New York, May 4th (TradersHuddle.com) – Oil woes on Friday can be summed up quite easily: A weak April jobs report proved to be public enemy number one for crude to end the week. NYMEX-traded crude for June delivery plunged $4.83 to $97.70 per barrel. In London, Brent crude for June delivery fell $1.98 to $114.10 per barrel. The 4.7% loss for West Texas Intermediate, the contract traded on the NYMEX, was the worst one-day loss since a 5.2% tumble in December. It is the first time since February that WTI has traded below $100 per barrel.
The weak jobs report sent traders scurrying into the safe haven of the U.S. dollar as the PowerShares DB US Dollar Index Bullish (NYSE: UUP) added 0.4%. The Labor Department said employers added 115,000 new jobs in April, well below the 160,00 economists expected. The March number was revised up to 154,000 from 120,000.
While it was nice to see the March number revised higher, and it should be noted that the April number has a tendency to be revised higher as well, traders obviously focused more on the disappointing initial April reading. Crude had been meandering lower over the past several days in anticipation of the April non-farm payroll number on concern the number would not live up to expectations.
Oil bulls must now come to grips with the fact that the U.S. economic recovery is not as robust as previously hoped and that oil demand is waning while supplies are increasing. Those factors stand in stark contrast to what was seen earlier this year as oil demand was seen as rising as the U.S. delivered a spate of encouraging economic data points.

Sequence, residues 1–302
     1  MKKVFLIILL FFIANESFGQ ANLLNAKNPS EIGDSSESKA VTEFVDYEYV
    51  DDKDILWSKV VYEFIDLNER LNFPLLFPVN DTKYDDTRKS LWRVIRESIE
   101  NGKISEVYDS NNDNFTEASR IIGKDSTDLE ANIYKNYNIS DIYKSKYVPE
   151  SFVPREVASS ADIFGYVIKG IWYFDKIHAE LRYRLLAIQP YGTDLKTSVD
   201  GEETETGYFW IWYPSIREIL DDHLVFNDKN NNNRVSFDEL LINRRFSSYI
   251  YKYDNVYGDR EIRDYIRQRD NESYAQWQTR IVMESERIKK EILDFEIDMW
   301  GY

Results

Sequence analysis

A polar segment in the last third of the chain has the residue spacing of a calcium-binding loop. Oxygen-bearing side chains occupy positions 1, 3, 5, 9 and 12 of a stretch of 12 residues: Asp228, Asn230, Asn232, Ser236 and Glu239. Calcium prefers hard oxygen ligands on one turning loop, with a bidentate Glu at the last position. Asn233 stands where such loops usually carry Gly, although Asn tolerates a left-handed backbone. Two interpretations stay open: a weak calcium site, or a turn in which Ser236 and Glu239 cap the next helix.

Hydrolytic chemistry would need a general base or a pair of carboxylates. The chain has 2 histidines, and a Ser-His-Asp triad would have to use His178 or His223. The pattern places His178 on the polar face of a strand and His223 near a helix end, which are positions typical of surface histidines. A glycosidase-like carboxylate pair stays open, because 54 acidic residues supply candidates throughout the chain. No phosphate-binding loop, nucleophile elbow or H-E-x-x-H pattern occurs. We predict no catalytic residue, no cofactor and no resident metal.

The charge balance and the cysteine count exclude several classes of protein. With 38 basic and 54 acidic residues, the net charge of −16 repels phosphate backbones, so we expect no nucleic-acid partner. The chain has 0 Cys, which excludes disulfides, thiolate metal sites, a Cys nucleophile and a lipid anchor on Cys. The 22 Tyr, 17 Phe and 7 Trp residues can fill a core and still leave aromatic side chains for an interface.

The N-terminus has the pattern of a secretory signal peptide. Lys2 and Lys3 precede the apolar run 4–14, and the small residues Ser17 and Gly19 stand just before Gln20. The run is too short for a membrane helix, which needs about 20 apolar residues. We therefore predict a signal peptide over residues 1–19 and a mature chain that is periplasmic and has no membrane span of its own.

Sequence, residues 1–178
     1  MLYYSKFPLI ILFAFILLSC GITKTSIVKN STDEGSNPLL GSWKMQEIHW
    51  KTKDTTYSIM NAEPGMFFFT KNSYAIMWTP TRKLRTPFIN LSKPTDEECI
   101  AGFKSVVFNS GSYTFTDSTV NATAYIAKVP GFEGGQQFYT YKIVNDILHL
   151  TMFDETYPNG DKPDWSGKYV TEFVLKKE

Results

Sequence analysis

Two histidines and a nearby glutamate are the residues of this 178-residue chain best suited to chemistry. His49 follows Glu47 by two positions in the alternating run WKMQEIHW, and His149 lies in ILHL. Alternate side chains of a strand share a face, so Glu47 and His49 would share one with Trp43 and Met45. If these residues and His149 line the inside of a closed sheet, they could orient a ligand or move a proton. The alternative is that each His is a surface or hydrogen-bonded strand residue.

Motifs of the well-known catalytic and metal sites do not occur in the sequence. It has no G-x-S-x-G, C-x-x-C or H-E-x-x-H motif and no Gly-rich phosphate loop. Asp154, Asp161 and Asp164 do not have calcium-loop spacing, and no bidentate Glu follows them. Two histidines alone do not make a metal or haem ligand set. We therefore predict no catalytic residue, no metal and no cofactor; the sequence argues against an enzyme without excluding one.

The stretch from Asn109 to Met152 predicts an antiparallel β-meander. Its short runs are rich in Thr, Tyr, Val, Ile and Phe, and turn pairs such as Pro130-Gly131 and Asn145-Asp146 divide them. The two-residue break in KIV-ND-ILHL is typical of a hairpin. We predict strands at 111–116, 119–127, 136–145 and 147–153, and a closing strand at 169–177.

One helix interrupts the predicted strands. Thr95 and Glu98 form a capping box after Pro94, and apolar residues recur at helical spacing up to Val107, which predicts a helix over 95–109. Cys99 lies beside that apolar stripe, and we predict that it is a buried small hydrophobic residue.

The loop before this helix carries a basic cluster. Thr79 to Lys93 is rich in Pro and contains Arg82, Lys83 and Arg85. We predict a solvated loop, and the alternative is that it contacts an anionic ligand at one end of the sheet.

A loss of nearly 170 points for the Dow Jones Industrial Average led to some pain for Exxon Mobil (NYSE: XOM) and Chevron (NYSE: CVX), which lost 1.3% and 2.1% respectively. ConocoPhillips (NYSE: COP) slid 2.1% as well and the chart indicates some potential technical issues on the horizon for that stock.
Shares of BP (NYSE: BP), Europe’s second-largest oil company, tumbled 2.6% following news that the civil trial pertaining to the company’s involvement in the 2010 Gulf of Mexico oil spill will be delayed until 2013. Investors have been eager for BP to put the spill-related legal woes behind and the longer it takes for that happen, some might say the more reasons there are to be cautious about this particular name.
Chesapeake Energy (NYSE: CHK), the second-largest U.S. natural gas producer, was a surprise winner on the day. On heavy volume, the stock gained almost 1.2% despite the company announcing an informal SEC inquiry and Fitch ratings saying it has lowered its outlook on the company to negative from stable.
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